Voice-based and other personal assistant apps — which use natural language and hefty AI engines in the backend to source information to address your various questions, do your e-commerce bidding, or control one electronic device or another in your home — have been around for years, but too often they have come up short when it comes to user experience, failing to nail the right solutions to your queries. Today a new app is launching from a startup that has largely been in stealth mode up to now to try to address that disparity. Brain Technologies is today announcing $50 million in funding, and along with that is releasing Natural, an iOS app, in the US market.
The $50 million (which is actually described as “over $50 million” by the company, with an exact number undisclosed), meanwhile, is coming from a very interesting mix of investors — backers include Laurene Powell Jobs’ Emerson Collective, Goodwater Capital, Scott Cook and WTT Investment, a list that underscores some of the attention that Brain has been getting, even before having released a single product.
Prior to this round, Brain had raised $1.5 million back in 2016 from an unnamed investor while still in stealth mode.
Jerry Yue, the young founder and CEO of Brain — a repeat entrepreneur and robotics enthusiast whose last company, a grocery delivery service in China called Benlai, is still going strong — said in an interview that he does not like to call Natural a “personal assistant” app, not because of the shortcomings of so many of these in the past, but because of the voice association many have with the concept.
“We don’t position ourselves as a voice assistant because we don’t think the future is voice only,” he said. “It should be the right combination of voice and native app experience.”
Instead, he describes what Natural is as the world’s first “generative computer interface”, the logical progression in digital information search.
That progression, in his view, started with the web, progressed to search engines, and then apps, before landing where he sees it today. Natural brings all of these together in some degree. Currently, you speak or type any kind of question or command into the app, which then provides a solution that might be in the form of links to other apps you might have.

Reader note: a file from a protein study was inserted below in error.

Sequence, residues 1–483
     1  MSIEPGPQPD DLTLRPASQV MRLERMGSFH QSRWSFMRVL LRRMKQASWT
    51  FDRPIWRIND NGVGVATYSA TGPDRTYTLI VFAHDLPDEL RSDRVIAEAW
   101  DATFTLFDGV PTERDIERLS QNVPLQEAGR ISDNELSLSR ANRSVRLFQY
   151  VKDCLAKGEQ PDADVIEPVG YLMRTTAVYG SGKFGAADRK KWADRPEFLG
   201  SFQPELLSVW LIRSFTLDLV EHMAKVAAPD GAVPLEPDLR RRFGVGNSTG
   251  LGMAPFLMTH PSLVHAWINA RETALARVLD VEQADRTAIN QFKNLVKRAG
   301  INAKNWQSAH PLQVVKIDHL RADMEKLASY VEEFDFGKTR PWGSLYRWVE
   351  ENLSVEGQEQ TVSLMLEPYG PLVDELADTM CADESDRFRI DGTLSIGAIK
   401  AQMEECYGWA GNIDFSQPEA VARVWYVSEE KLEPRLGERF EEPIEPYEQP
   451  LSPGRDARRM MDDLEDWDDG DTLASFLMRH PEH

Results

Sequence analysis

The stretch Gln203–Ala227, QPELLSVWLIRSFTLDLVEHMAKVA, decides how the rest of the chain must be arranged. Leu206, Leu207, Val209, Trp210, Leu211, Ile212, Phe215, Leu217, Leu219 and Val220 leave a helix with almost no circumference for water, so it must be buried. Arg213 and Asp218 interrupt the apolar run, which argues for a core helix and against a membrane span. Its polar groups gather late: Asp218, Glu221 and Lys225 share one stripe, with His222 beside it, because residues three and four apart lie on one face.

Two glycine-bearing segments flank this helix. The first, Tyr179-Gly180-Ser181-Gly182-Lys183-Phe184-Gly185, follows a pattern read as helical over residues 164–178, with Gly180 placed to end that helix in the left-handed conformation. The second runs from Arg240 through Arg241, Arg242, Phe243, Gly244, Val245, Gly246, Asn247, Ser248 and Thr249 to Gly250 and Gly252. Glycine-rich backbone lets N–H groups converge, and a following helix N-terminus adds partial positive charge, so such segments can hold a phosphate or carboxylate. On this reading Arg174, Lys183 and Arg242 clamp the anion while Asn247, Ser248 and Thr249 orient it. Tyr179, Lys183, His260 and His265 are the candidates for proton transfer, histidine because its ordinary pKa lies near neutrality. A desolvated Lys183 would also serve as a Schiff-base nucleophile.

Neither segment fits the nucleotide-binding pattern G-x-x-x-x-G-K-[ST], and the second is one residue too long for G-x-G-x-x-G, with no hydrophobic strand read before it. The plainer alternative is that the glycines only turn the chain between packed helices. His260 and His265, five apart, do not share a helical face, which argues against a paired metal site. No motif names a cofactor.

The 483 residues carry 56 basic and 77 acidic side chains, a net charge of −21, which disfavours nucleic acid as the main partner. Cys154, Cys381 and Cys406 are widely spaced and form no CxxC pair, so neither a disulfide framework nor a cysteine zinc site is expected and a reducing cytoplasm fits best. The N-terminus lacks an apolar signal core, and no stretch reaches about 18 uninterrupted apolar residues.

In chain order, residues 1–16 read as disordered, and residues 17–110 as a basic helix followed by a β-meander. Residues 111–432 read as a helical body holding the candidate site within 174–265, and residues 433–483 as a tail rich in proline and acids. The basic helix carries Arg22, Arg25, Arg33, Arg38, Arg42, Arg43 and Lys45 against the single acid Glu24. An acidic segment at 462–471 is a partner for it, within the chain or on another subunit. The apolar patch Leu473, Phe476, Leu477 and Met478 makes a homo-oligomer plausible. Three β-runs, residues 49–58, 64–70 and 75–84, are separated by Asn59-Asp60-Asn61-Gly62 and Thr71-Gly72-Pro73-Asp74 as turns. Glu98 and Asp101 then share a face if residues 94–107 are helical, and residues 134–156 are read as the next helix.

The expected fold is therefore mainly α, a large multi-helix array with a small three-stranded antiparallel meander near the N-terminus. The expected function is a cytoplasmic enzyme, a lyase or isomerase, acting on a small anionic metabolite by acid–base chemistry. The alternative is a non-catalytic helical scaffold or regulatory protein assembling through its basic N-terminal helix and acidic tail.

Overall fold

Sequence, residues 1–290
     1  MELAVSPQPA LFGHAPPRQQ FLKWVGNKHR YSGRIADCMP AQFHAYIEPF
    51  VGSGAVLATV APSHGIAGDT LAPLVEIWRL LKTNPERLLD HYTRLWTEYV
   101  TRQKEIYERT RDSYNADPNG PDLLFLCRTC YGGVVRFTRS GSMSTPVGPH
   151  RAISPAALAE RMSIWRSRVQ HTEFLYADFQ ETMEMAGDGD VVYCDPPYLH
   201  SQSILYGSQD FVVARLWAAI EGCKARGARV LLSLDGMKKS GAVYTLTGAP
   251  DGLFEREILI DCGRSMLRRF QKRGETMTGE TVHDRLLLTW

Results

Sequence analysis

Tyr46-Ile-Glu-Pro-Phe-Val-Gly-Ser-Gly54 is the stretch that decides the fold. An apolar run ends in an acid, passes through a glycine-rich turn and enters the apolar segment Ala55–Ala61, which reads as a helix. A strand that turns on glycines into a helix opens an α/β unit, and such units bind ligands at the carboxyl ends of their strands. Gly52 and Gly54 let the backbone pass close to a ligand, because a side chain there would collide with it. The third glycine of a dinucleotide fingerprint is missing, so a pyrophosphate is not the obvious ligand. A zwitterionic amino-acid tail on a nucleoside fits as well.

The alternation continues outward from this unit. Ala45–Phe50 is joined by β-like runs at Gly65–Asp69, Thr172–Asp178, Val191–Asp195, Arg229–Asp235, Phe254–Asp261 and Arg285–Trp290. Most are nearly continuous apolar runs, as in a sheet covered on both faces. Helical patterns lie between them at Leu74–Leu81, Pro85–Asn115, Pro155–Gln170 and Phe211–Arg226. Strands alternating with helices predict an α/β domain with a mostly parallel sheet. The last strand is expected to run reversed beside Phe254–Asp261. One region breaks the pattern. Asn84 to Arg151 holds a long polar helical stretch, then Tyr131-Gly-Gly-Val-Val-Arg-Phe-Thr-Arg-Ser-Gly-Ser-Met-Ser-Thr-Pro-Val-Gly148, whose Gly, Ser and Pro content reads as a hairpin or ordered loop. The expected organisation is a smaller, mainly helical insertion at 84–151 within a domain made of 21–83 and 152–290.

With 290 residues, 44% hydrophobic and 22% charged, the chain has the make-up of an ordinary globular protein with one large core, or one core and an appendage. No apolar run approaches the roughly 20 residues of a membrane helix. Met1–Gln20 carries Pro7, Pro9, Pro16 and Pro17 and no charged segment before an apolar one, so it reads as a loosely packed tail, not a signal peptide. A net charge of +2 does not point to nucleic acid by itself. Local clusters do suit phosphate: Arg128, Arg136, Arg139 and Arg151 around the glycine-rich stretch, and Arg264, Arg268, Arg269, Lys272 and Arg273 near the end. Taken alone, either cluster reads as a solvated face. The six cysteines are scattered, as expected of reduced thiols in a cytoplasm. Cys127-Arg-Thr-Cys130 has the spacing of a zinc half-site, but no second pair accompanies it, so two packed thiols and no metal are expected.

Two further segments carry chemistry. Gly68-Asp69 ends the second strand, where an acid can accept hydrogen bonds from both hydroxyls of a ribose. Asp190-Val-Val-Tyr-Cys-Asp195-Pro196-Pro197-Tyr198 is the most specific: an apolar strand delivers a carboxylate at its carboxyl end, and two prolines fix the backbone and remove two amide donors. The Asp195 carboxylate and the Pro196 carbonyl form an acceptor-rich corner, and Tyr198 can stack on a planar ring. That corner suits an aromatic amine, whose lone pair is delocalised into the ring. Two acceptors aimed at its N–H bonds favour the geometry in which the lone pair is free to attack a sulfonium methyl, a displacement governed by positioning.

For example, “I’d like sushi tonight,” will bring back options (in theory) for ordering sushi, and possibly your most favored dishes, from a selection of restaurants by way of food ordering apps that you use, or places to go eat it, as well as options for making that sushi yourself (and buying the ingredients online to do so, as well as a method).
Similarly, travel searches return results that dip into multiple silos from, say, airlines and airline aggregators that are easily editable and that you can buy directly from those results, if you already have payment details on your device. (While Google provides this to some degree, you eventually have to navigate to sites to buy tickets, which might end up significantly more expensive when you actually visit said sites.)
The more you use the app, the theory is that it will learn more about what you might want from your questions.
AI that anticipates what we are trying to say or do is something that has been attempted before, of course, but the difference here, Yue said, is in Brain’s approach, which is based on the concept of “one shot” learning, which he described as a kind of general purpose AI, “a tool that learns to use other tools.”
The alternative is a more labor-intensive approach that AI-based systems are typically built on today, largely based around keywords. “AIs from Google or Amazon are based on thousands of people and human coding to connect services,” he said. “This approach treats natural language processing as a classification problem.” In contrast, the breakthrough system he and his team have devised, he said, “has learned more than 4 million functions on its own.” Ironically, the end result of a successful AI like this is not to make us feel more technologically powerful, but to get us away from our devices, and spending time fussing on them, and into the world.
Given that this is a consumer app, it will be interesting to see how and if there is mass takeup of Natural, and whether the right combination of anticipatory AI with natural language and design come together to pique collective attention. The team and what they’ve built in any case will be a hot property, given that AI will continue to be a strong and growing presence in the tech landscape for years to come.
“What Jerry and his team are developing is incredibly special. I’m not aware of anyone doing more interesting work to demonstrate how fundamentally AI can enhance our everyday lives,” said investor Scott Cook, who was also the founder of financial software giant Intuit, in a statement.
“Many of us remember the first time we used an iPhone. The software felt magical, and every animation felt dynamic yet subtle,” said Tom Goodwin, a Natural beta customer. “Experiencing this app is the closest thing I’ve felt to that for a long time. I love the idea of one place to go for everything.”